I'd rather have my card break once a month so I can RMA it and punish them to the tune of 1000% of what I spent until they either die and go out of business or fork over the few dollar per card it would take for them to be honest.

No one would accept a CPU they could only use at 80% load for a few hours a day, and they shouldn't accept GPU makers trying to pass off such limitations on their hardware as "normal" or okay.
Edited by Blameless - 8/2/11 at 4:00am
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post #27 of 28
Quote:
Originally Posted by Blameless View Post
The fact you are using a multi-GPU config that is almost certainly being bottlenecked by your CPU and Crossfire's overhead is distorting your results. Try again with one single GPU card (which is what the vast majority of the market is using).
I've run single, cross, triple & quad setups with 6970s. The fact that I'm running quadfire, however, isn't skewing results from a "cpu bottleneck" - because I'm finding typical GPU usage @ 90%-99% in virtually every title I've engrossed myself & my time in. That's low-balling it, though, as the few titles below 94% tend to skew averages down. That's the benefit of high IPC coupled with extraordinary clock speeds (5.2 GHz), especially at 3x1 & 5x1 portrait modes. 6.82 megapixel & 11.4, respectively.

Your assumption of bottlenecked GPUs is fallacious. There are no distorted results. It shouldn't surprise, though, as the Powertune function of the performance bios is effectively unlocked for 6990s.

That can be set aside, though, as I was running 6990 with a pair of 6970s incidentally clocked even higher than current (1015/1525). And preceding that? I was running triple 6970s on water clocked higher still (1025/1525). In every instance of game-play, with typical GPU usage effectively identical despite the component differentiation. Hop over to the 6990 club thread to see my 30 minute run of furmark @ 97-99% usage & perfectly stable clocks for further support of these claims.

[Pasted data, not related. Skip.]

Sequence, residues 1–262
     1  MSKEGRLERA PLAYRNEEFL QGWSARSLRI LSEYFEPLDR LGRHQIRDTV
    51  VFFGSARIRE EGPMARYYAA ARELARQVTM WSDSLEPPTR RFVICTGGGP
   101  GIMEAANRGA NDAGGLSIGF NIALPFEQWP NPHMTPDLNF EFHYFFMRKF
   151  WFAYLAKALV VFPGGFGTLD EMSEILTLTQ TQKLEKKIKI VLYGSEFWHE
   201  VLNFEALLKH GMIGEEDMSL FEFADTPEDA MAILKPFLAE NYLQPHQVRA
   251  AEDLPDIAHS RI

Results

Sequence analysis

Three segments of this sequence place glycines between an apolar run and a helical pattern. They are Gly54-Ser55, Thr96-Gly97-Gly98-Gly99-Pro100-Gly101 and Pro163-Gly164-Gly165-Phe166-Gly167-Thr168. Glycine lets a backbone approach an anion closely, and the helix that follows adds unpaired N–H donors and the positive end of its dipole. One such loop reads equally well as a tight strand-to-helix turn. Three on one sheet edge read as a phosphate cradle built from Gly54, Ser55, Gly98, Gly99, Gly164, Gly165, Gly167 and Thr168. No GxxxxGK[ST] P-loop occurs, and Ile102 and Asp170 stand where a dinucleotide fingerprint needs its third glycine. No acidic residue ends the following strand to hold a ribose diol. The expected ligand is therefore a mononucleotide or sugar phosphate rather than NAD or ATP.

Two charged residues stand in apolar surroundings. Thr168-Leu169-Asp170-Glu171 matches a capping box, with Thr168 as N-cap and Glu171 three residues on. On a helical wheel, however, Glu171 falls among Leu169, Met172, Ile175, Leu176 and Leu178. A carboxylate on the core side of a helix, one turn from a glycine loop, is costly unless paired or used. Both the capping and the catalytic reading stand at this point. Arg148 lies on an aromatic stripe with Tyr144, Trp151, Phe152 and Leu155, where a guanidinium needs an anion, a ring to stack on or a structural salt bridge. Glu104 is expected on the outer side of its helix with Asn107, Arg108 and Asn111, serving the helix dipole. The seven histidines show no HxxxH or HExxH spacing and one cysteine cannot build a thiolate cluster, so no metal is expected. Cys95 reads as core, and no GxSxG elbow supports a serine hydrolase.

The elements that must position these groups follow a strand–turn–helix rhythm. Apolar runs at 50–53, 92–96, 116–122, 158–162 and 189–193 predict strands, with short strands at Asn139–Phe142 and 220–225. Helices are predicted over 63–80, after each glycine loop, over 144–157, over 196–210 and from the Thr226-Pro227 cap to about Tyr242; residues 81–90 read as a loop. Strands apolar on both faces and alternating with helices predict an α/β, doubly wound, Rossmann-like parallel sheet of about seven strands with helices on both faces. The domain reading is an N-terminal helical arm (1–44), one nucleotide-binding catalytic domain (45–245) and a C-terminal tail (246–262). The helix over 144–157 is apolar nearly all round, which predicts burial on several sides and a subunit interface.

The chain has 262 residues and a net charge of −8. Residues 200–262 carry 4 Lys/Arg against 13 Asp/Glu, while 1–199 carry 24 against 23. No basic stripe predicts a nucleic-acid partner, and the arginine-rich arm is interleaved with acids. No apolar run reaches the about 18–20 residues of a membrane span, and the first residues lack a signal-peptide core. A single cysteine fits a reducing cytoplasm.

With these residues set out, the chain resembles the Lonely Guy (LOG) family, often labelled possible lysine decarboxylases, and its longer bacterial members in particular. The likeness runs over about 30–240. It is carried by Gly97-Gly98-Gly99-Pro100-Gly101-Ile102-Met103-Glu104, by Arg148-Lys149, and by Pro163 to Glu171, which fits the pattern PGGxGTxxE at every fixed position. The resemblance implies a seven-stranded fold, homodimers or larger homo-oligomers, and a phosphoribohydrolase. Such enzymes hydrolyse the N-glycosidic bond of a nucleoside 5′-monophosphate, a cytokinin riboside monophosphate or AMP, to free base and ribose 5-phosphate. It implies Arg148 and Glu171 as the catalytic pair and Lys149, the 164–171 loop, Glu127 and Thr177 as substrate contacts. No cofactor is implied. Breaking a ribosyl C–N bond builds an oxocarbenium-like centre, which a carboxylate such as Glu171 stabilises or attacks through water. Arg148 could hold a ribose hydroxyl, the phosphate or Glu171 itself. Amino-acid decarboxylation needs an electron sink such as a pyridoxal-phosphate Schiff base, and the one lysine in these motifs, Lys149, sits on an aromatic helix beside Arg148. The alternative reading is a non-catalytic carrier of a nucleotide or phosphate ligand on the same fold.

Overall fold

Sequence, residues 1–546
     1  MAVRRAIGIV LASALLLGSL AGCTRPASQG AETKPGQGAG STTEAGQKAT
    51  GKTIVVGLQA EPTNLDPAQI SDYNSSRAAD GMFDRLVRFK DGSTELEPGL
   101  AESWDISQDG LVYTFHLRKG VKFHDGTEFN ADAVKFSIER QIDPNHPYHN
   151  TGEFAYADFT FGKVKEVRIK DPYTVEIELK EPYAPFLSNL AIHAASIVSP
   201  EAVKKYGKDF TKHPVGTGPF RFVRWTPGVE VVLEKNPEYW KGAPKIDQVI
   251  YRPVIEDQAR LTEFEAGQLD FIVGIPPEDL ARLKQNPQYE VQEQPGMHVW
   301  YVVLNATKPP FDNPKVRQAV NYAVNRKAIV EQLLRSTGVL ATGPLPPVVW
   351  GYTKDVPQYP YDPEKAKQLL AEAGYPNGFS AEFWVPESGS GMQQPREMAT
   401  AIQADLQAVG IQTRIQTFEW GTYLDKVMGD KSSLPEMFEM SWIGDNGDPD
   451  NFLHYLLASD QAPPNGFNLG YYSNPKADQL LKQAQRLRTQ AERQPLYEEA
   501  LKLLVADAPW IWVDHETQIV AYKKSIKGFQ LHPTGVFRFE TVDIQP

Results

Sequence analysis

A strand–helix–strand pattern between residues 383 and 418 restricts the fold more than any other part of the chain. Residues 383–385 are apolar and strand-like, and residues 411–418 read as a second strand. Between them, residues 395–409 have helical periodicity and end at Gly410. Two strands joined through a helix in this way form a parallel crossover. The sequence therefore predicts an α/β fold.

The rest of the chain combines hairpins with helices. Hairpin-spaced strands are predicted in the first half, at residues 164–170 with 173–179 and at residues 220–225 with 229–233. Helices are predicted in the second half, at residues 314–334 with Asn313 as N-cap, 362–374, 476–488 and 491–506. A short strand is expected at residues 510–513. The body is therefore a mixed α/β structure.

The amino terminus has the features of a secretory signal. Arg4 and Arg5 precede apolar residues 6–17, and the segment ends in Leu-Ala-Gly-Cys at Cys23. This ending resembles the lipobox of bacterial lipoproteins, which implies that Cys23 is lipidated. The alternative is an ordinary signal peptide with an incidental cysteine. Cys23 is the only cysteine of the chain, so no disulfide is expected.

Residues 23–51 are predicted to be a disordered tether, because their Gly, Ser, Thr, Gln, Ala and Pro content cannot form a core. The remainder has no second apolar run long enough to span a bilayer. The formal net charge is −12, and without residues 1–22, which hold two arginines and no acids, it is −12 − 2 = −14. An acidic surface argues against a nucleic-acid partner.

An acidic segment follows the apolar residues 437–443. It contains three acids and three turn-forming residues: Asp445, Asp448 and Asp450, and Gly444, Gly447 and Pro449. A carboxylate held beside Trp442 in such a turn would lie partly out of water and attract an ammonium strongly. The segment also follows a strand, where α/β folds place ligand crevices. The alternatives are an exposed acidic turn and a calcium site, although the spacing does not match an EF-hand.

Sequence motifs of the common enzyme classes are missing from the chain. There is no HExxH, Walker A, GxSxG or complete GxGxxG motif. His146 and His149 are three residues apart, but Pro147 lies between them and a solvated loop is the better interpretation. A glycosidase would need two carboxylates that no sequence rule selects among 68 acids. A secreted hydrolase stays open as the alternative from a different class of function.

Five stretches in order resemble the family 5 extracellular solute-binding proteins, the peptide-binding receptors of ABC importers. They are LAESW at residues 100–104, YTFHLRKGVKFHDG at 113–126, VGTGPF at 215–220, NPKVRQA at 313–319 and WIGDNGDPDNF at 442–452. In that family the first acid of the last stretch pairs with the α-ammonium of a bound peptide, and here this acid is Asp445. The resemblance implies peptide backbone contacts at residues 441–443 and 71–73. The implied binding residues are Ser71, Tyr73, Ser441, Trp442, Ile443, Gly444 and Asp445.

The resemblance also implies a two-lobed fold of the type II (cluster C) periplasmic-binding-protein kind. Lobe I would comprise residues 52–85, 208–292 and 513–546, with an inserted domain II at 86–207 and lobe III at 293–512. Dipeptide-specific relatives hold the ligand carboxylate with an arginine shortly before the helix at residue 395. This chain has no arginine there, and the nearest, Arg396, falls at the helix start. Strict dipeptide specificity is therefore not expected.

Regarding the various 6970 builds, Powertune +20% never demonstrated a single instance of throttle. Not in performance, clocks, at the wall power draw, whatever. Your, uh, exhaustive citation list does nothing to convince me otherwise. You're welcome to poll 6970 users or propose a case study, but considering my extensive experience (alongside my near maximum clock achievements with multiple Cayman processors) and having been throttled NEVER in-game at those clocks, I'm already convinced.

Quote:
Using the term "power virus" for stress tests like OCCT or FurMark is simply an underhanded attempt by GPU makers at deflecting blame for their own malicious penny pinching.

Instead of spending another five dollars per card to equip them with VRMs that can handle whatever current the GPU is capable of drawing, they would rather limit performance in high demand situations.

If this isn't dishonest, I don't know what is. They are essentially advertising a performance level that can never be reached, because when you get anywhere near the theoretical maximum of what the card can do, PowerTune kicks in and knocks you down.

GPUs aren't toys any more. I run distributed computing projects on mine 24/7 and some of these are nearly as demanding on the hardware as FurMark.

I'm willing to accept that OCing is not a given, but at stock speeds, there is no software that any piece of hardware should not be able to run 24/7/365.25 for the entire duration of it's warranty, without hiccup, fuss, or failure, and without throttling.

If I want to run FurMark for 5 years straight, my card should be up to it. My CPUs are all up to doing the equivalent.

I didn't use the term "powervirus" in any other regard other than Furmark. Furmark is not distributed computing. It creates a condition of exaggerated power draw that is, in respect of games, not remotely analogous. I've not seen any Furmark throttling with a pair of 6990s, though refrained from implementing the worthless benchmark with my 6970s.

I'm not entirely sure where you've researched the quality of AMD's Cayman VRM selection, but I'd suggest expanding said research a bit further out. AMD's component selection for the power phase is totally contrary to what you've implied with your "five dollar per card" remark.

http://semiaccurate.com/2010/12/22/a...er-microscope/